FinTechs Grapple With Regulation Amid Pursuit of Profits

For almost all FinTechs — and especially for publicly traded firms — it has been a bumpy ride these past few years.

Stock prices have been volatile. An overwhelming majority of the names tracked by the FinTech IPO Index trade with “busted” status, or below their initial offering price. Profitability remains elusive, as the cost of doing business is more expensive than it has been in decades.

Sezzle CEO Charlie Youakim and Lemonade Chief Financial Officer Tim Bixby said stanching red ink on the operating line boils down to a few key principles, as they detailed in the last conversation of the continuing “Pivot to Profitability” series.

Profits, said Youakim, “are a scale game — there’s no doubt about it.”

Getting to scale can require shouldering some heavy losses as firms reach critical mass. Lemonade, which offers renters, pet owners, car, life and homeowners’ insurance through its online platform, might be thought of as being consistently unprofitable. That’s by design, Bixby said.

Among the realities of launching in the InsurTech space lies the fact that there are fixed costs, where regulatory and compliance hurdles must be cleared (and consistently satisfied) before bringing products and services to the masses.

“It’s not like you write some code and throw it out into the world,” said Bixby.

Bixby emphasized that the path to Lemonade’s profitability — the major investments are already behind the company — will be paved by a combination of automation that helps spur growth. For Lemonade, growth has been a hallmark of the company’s progress through the years, even though weather-related events and pandemics have roiled the insurance industry. The company has nearly 2 million customers and has committed to being cash flow positive by the end of 2025.

Both executives noted that having gone to market and raised cash when capital was cheaper — raising funds before those funds were needed — have helped sustain Sezzle and Lemonade through the vagaries and challenges of the pandemic and beyond.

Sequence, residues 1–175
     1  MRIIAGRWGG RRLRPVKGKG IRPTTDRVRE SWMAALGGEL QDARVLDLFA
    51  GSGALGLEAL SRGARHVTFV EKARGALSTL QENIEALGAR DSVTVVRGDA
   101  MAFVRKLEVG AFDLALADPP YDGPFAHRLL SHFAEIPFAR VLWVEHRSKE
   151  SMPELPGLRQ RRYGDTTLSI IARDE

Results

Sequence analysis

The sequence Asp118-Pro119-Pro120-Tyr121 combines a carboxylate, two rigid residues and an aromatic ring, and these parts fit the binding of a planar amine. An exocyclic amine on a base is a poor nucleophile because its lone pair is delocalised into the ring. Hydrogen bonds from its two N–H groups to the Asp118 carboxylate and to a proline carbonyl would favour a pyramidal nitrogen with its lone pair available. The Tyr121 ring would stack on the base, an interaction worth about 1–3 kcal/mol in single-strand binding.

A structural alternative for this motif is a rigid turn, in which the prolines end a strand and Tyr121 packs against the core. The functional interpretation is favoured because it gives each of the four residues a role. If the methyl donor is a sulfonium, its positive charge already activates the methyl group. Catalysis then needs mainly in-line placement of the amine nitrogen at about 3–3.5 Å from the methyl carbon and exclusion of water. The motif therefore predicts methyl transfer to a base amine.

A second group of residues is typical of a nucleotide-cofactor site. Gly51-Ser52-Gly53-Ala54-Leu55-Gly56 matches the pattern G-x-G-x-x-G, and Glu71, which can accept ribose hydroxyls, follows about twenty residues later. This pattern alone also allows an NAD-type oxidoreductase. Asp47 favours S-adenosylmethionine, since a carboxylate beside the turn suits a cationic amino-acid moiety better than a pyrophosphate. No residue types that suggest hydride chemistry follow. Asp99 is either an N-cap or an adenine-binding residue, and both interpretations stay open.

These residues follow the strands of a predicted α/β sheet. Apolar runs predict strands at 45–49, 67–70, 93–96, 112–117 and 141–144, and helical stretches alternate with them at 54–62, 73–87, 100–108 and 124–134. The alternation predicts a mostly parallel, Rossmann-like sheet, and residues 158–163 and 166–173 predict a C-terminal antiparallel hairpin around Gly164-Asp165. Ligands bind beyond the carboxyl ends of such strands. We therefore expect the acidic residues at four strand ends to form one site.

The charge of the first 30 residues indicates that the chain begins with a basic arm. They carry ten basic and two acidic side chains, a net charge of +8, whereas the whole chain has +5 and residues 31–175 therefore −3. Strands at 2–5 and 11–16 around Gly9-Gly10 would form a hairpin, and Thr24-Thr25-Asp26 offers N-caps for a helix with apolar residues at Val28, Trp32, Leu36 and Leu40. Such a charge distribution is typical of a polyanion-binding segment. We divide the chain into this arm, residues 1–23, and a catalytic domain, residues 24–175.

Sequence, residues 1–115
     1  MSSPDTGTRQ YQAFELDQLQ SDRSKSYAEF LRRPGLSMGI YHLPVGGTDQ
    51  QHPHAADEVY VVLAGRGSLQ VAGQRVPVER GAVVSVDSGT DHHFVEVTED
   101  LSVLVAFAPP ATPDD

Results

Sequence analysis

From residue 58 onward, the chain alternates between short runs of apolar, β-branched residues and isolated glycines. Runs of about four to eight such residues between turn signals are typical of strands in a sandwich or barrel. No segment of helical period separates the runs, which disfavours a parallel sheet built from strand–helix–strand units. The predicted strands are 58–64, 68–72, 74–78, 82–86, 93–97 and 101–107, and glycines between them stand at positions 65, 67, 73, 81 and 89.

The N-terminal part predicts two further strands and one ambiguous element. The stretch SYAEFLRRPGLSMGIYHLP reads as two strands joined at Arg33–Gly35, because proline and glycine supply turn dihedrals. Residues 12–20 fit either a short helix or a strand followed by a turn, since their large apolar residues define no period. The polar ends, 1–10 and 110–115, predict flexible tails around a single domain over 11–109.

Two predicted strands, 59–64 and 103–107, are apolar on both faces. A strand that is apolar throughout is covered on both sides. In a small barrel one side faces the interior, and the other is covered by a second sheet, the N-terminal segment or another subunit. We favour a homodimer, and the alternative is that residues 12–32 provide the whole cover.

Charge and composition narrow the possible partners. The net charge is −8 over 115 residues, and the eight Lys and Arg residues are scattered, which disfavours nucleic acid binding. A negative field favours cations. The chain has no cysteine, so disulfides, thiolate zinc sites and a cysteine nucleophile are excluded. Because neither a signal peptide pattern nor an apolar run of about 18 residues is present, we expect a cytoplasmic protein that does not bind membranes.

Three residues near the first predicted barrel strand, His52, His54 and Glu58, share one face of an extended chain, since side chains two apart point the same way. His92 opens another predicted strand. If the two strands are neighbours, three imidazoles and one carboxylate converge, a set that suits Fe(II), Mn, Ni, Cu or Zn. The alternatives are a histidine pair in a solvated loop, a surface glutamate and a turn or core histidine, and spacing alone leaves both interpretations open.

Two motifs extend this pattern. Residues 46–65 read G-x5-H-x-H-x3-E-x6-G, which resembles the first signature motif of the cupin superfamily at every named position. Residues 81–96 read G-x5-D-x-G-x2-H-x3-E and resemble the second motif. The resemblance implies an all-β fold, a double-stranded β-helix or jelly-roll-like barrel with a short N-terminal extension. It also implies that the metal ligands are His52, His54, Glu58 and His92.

Data-Rich AI Native

For Lemonade, the path to consistent profits ties back to technology. Lemonade is “AI native,” Bixby said.

“Our real advantage lies in the depth of data that we collect about each customer when we onboard them and when they get a quote and a policy,” he added.

The flow of data across the platform, as all systems are interlinked (by way of contrast to the back-end systems of traditional insurance giants), allows claims to be paid out in a matter of seconds via algorithms rather than friction-filled human interactions that can take weeks or months, he said.

In June, Lemonade launched its Synthetics Agents program through which venture capital firm General Catalyst funds up to 80% of Lemonade’s customer acquisition costs in exchange for a 16% commission. That, in turn, allows Lemonade to finance its growth without raiding its cash coffers or raising new equity in the markets.

“What we wanted to do was get the benefit of agents from a cost structure standpoint without the cost and the friction that comes with actually hiring and maintaining and training an agent salesforce,” said Bixby.

Along the way, he added, the individual who insures a home might be inclined to buy pet insurance, or vice versa, because the platform reduces the complexities of understanding various insurance products, costs and benefits.

Last year, the company acquired pay-per-mile auto InsurTech Metromile, part of a strategy of selected deal-making that includes saying “no” to most acquisitions, even though at first examination they might seem wildly attractive.

Ninety-five percent of the U.S. market “is in the sweet spot” of the range of various insurance offerings Lemonade provides, said Bixby.

Data, too, underpins Sezzle’s drive to scale the business, said Youakim, who added that cross-selling installment loan offerings to consumers as they continue to use the buy now, pay later (BNPL) platform becomes easier given the information on loan performance and risk management.

“You can sell more and more to them and keep on increasing top line,” Youakim said.

Although Sezzle operates in a different space than Lemonade, it has been examining the use of AI, looking to see how it can torque the efforts of its engineering staff to become several times faster and more efficient so that a project that ordinarily might take days can be boiled down to a few hours. In all cases, AI can cut down on the sheer volume of documents that can clog back-office workflows (even if the documents are digital).

“If you use generative AI and digest 10,000 documents in minutes instead of hours, that presents extraordinary opportunities for us,” Bixby said.

Added Youakim of AI’s potential: Underwriting models can conceivably leap from using machine learning to generative AI, where the latter consumes customer-level data and finds the right offering for a consumer.

“This is definitely something worth looking at and thinking about,” said Youakim.